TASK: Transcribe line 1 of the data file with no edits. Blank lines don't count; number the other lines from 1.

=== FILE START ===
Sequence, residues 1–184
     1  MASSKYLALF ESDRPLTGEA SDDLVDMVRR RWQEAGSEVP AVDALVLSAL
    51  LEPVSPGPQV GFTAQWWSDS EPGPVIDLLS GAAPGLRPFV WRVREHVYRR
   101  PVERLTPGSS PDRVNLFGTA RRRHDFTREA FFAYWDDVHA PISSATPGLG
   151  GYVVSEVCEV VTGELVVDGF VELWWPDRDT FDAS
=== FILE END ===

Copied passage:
Sequence, residues 1–184